Five ways I’m Sad, Mad and Scared: the new critical security flaw in firmware no one will patch.

There is new security vulnerability that should be triggering a massive server fleet wide upgrade and patch for data center operators everywhere.  This one undermines fundamental encryption features embedded into servers’ trusted platform module (TPM).   According to, “this one’s a biggie.”

Yet, it’s unlikely anyone will actually patch their firmware to fix this serious issue.

Why?  A lack of automation.  Even if you agree with the urgency of this issue,

  1. It’s unlikely that you can perform a system wide software patch or system re-image without significant manual effort or operational risk
  2. It’s unlikely that you are actually using TPM because they are tricky to setup and maintain
  3. It’s unlikely that you have any tooling that automates firmware updates across your fleet
  4. It’s unlikely that you have automation to gracefully roll out an update that can coordinate BIOS and operating system updates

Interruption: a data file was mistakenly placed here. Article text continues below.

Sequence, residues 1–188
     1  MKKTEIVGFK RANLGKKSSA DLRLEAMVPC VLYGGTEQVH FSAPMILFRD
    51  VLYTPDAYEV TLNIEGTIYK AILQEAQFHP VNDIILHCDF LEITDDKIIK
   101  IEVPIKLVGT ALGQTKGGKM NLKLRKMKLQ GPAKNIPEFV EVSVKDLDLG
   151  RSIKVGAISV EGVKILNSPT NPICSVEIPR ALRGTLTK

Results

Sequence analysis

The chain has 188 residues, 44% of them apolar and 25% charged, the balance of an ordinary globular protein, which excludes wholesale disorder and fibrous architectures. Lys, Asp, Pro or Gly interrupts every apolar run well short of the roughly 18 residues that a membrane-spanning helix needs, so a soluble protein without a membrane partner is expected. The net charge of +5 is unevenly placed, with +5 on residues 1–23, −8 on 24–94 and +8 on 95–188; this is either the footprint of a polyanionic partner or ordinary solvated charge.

5. Even if you can do the above (IF YOU CAN, PLEASE CALL ME), it’s unlikely that you can coordinate updating both patching the BIOS and re-encrypting/rotating the data signed by the keys in the TPM

Being able to perform actions should be foundational; however, I know from talking to many operators that there are serious automation and process gaps at this layer.  These gaps weaken the whole system because we neither turn on security features embedded in our infrastructure nor automate ways to systematically maintain them.

This type of work is hard to do.  So we don’t do it, we don’t demand it and we don’t budget for it.

Our systems are way too complex to expect issues like this to be improved away by the next wave of technology.  In fact, we see the exact opposite.  The faster we move, the more flaws are injected into the system.  This is not security problem alone.  Bugs, patches and dependencies cause even more system churn and risk.

I have not given up hoping that our industry will prioritize infrastructure automation so that we can improve our posture.  I’ve seen that fixing the bottom layers of the stack makes a meaningful difference in the layers above.  If you’ve been following our work, then you already know that is the core of our mission at RackN.

It’s up to each of us individually to start fixing the problem.  It won’t be easy but you don’t have to do it alone.  We have to do this together.